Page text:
On May 5, 2015, the NDP won a majority government in Alberta. In light of last week’s Alberta election results, what follows is a short primer on some regulatory requirements to be mindful of when communicating with Alberta’s new government.

Always ensure that you comply with lobbying legislation even when communicating through a government relations firm or lawyer and always keep in mind how public sector freedom of information regimes could affect information shared with public office holders.


Communications with public office holders in Alberta are governed by Alberta’s Lobbyists Act (Act). For the most part, the Act does not prohibit communications with public office holders. It does, however, require that the fact that communications took place be publicly disclosed and that those engaged in such communications be registered with the Alberta Lobbyist Registry.

This regime applies both to consultant lobbyists (such as a government relations firm, accountant or lawyer who is paid to communicate with public office holders) and to in-house lobbyists (such as senior executives who, together with their colleagues, spend a significant portion of time communicating with public office holders).

The Act also imposes limits on former public office holders’ communications with government officials, restricts the use of tax dollars to lobby government, and prevents a person from being paid to give advice to the government and being paid to lobby the government.


The term “public office holder” is not limited to elected officials and their staff. The term also includes a wide variety of civil servants, such as employees of a department (regardless of seniority); individuals appointed to a board, committee or council established under section 7 of the Government Organization Act; and members of a large list of prescribed provincial entities from the broader public sector, including various universities and colleges, the Alberta Energy and Utilities Board, and Alberta Health Services, among others.


Lobbying includes any communication with a public office holder in an attempt to influence decisions regarding the following, which are typically broadly interpreted:

  • The development of a legislative proposal
  • The progress of a bill or resolution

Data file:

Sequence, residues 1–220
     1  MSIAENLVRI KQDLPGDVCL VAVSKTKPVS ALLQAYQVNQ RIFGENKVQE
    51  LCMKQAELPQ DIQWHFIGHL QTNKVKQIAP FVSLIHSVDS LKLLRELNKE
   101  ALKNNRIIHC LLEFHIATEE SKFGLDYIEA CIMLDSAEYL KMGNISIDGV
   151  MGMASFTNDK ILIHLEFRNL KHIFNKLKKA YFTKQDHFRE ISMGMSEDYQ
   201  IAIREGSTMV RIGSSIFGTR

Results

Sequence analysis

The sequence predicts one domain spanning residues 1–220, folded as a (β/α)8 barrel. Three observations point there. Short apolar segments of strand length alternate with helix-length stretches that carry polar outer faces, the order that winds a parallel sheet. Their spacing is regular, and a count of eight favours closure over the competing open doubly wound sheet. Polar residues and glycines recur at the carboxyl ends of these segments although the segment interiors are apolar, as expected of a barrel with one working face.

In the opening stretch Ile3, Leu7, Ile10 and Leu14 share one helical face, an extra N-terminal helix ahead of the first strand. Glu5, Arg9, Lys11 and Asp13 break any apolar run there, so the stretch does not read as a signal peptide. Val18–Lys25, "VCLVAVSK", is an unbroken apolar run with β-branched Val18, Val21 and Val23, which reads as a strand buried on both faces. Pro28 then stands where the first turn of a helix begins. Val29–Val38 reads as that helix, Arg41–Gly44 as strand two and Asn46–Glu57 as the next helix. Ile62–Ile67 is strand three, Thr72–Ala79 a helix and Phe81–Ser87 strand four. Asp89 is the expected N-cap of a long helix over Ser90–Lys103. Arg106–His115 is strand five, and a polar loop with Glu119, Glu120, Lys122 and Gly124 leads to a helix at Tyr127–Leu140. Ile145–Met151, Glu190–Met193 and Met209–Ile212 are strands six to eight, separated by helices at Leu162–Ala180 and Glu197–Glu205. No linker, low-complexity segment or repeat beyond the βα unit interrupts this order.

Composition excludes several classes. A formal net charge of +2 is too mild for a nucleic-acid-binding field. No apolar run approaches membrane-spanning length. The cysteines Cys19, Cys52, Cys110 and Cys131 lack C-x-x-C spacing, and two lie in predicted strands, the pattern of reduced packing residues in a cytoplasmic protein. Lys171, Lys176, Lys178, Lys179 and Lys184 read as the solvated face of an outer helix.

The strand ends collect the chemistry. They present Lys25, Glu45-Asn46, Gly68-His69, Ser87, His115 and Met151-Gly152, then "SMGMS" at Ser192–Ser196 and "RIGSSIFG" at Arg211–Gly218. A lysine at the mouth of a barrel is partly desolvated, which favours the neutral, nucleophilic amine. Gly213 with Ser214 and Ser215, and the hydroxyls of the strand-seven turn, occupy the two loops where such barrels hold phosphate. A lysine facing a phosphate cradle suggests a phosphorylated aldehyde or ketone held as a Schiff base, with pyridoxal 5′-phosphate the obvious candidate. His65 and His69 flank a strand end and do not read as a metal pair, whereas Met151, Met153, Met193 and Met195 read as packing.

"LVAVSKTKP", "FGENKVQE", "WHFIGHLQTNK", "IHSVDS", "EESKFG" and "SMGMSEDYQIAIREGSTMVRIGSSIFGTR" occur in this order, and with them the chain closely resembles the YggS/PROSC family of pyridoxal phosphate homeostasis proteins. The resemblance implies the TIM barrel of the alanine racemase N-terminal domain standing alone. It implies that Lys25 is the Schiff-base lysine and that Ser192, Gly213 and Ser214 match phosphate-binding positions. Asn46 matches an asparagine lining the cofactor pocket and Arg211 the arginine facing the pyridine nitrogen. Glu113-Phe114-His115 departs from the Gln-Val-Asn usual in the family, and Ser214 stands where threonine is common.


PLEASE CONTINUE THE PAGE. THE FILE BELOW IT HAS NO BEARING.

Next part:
• The development or enactment of a regulation or order-in-council
  • The development, establishment, amendment or termination of a government program, policy, directive or guideline
  • The awarding of a grant or financial benefit
  • The transfer of an interest in a business that provides goods or services to the government or the public
  • Privatization of the provision of goods or services to the government

For consultant lobbyists, two additional activities qualify as lobbying: arranging a meeting with a public office holder and communicating with a public office holder with respect to the awarding of a contract.

Note that it is not considered lobbying for an in-house employee to communicate with an Alberta public office holder about the awarding of a contract.

The Act applies both to direct communications and organizations that communicate by way of organized grassroots lobbying activities.


Certain exceptions are available from the registration requirement.

The Act does not apply to public proceedings such as committee appearances; communications regarding the enforcement, interpretation or application of a law or how the government administers a current program or policy; and communications as a constituent on a matter of personal interest, unless relating to a private bill. It is not considered lobbying to respond to a request from a public office holder for advice or comment.

Members of an organization “not constituted to serve management, union or professional interests nor having a majority of members that are profit-seeking enterprises” are exempt from the Act’s application when acting in their official capacity. Thus, non-profit interest groups can engage in lobbying activities without having to register under the Act.